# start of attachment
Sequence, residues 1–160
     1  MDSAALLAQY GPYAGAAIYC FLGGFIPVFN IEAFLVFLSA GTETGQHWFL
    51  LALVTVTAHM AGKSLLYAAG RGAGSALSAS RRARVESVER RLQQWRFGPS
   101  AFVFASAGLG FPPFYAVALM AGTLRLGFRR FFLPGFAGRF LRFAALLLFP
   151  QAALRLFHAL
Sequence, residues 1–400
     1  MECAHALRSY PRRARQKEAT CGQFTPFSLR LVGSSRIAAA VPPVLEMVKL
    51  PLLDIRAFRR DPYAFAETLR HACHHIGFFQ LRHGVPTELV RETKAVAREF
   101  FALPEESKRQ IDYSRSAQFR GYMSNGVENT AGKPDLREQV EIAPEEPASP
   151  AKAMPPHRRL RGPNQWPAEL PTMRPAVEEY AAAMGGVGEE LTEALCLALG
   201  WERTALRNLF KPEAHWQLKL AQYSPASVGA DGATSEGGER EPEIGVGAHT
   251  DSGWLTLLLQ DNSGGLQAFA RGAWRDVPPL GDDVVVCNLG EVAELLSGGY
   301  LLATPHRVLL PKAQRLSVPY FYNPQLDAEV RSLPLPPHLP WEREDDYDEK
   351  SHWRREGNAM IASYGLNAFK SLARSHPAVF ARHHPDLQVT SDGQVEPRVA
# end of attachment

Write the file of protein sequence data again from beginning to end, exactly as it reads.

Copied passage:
Sequence, residues 1–160
     1  MDSAALLAQY GPYAGAAIYC FLGGFIPVFN IEAFLVFLSA GTETGQHWFL
    51  LALVTVTAHM AGKSLLYAAG RGAGSALSAS RRARVESVER RLQQWRFGPS
   101  AFVFASAGLG FPPFYAVALM AGTLRLGFRR FFLPGFAGRF LRFAALLLFP
   151  QAALRLFHAL
Sequence, residues 1–400
     1  MECAHALRSY PRRARQKEAT CGQFTPFSLR LVGSSRIAAA VPPVLEMVKL
    51  PLLDIRAFRR DPYAFAETLR HACHHIGFFQ LRHGVPTELV RETKAVAREF
   101  FALPEESKRQ IDYSRSAQFR GYMSNGVENT AGKPDLREQV EIAPEEPASP
   151  AKAMPPHRRL RGPNQWPAEL PTMRPAVEEY AAAMGGVGEE LTEALCLALG
   201  WERTALRNLF KPEAHWQLKL AQYSPASVGA DGATSEGGER EPEIGVGAHT
   251  DSGWLTLLLQ DNSGGLQAFA RGAWRDVPPL GDDVVVCNLG EVAELLSGGY
   301  LLATPHRVLL PKAQRLSVPY FYNPQLDAEV RSLPLPPHLP WEREDDYDEK
   351  SHWRREGNAM IASYGLNAFK SLARSHPAVF ARHHPDLQVT SDGQVEPRVA